King became our nation’s conscience
How do we as a nation adequately celebrate a conscience, especially a pesky social conscience?
Since 1986 America has done so by observing a national holiday on the third Monday in January to honor the birth and life of Rev. Martin Luther King.
There are still many in this country who ascribe no special significance to this day. To them, it is just another three-day weekend that happens to fall during prime snow season.
That is, indeed, a shame, because the MLK celebration and the man himself mean so much to this great nation. King’s life had profound social and moral impact on the nation. It is an impact that to this day influences our culture.
He became our national conscience when few others would. He opened our eyes. And he did so at great personal sacrifice.
To put it bluntly, King changed our country forever. We are happy he did.
Of course, many remember the stirring 1963 speech on the National Mall that catapulted King into our consciousness. Even those who were born after the speech have often heard it in news clips. But there was much more to King than the brilliant oratory of a single speech. Much more.
In speech after speech, demonstration after demonstration, march after march, action after action, Dr. King challenged the orthodoxy of the times. On the one hand, he strongly chided the nation’s establishment for its willingness to accept institutionalized racism, while on the other convincing those who had felt racism’s sting to throw off that oppression nonviolently.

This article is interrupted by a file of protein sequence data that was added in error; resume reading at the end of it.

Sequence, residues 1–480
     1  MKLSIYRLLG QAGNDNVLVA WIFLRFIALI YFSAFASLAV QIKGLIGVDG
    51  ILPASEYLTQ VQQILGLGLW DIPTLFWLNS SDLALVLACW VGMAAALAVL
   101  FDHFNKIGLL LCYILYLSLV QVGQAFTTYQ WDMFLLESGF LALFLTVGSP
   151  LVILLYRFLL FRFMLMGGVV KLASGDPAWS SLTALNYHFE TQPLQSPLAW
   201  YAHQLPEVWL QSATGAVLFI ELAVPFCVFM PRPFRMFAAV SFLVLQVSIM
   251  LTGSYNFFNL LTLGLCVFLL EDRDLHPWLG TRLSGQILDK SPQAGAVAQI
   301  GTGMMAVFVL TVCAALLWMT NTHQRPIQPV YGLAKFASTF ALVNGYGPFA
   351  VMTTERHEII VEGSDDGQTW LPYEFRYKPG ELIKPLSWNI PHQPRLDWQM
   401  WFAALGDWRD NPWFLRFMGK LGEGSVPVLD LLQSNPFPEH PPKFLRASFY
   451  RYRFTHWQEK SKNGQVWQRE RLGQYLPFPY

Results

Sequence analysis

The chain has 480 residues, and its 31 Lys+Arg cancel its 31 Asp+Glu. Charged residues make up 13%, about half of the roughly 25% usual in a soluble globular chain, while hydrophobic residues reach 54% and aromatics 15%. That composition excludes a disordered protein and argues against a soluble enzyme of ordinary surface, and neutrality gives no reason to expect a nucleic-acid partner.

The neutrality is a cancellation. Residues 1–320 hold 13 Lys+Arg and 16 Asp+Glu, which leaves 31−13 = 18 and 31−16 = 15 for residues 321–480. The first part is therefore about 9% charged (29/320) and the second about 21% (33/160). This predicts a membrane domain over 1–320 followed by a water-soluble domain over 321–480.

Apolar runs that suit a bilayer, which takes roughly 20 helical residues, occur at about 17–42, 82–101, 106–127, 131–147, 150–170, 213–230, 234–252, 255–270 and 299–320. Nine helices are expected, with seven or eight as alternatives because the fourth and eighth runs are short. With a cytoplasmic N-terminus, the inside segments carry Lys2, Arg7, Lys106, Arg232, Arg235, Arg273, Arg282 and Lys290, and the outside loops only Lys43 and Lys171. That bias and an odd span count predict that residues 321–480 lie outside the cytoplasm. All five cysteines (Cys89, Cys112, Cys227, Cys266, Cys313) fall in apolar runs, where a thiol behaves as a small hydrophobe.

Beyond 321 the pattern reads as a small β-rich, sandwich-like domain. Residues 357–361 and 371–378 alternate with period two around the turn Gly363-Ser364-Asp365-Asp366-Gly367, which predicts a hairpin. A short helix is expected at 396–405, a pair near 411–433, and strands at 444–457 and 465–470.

King’s message of love, peace, equal justice and tolerance, embraced people of all races. He persisted even though he lived in a world that resisted his call for social justice -- one where his calls for nonviolence were met by fire hoses and murder.
Ironically, it was a single act of violence in 1968 that took the 39-year-old Dr. King from us far too early. Although King was killed with a rifle shot that April day in Memphis, Tenn., his ideas about equality and fairness did not die. If anything, his death may have caused them to flourish. Or, perhaps, they were destined to gain much broader acceptance simply because they were right.
Sadly, we have yet to fully realize the vision articulated in King’s Washington speech. There is work to be done, to be sure. But honest reflection should force even the staunchest social critics to admit that much progress has been made toward that dream.
Amid much fanfare in 1983, President Ronald Reagan signed legislation that created the King holiday. But it was 11 years later -- with far less pomp and circumstance, but no less importance -- that Congress designated MLK Day as a national day of service. It is a designation that seems profoundly fitting.
We think it is a legacy that Dr. King would have appreciated. He spent his life in service to the worthy cause of equality for all. So maybe that is how we can best celebrate such a conscience: by living in service to the greater good.
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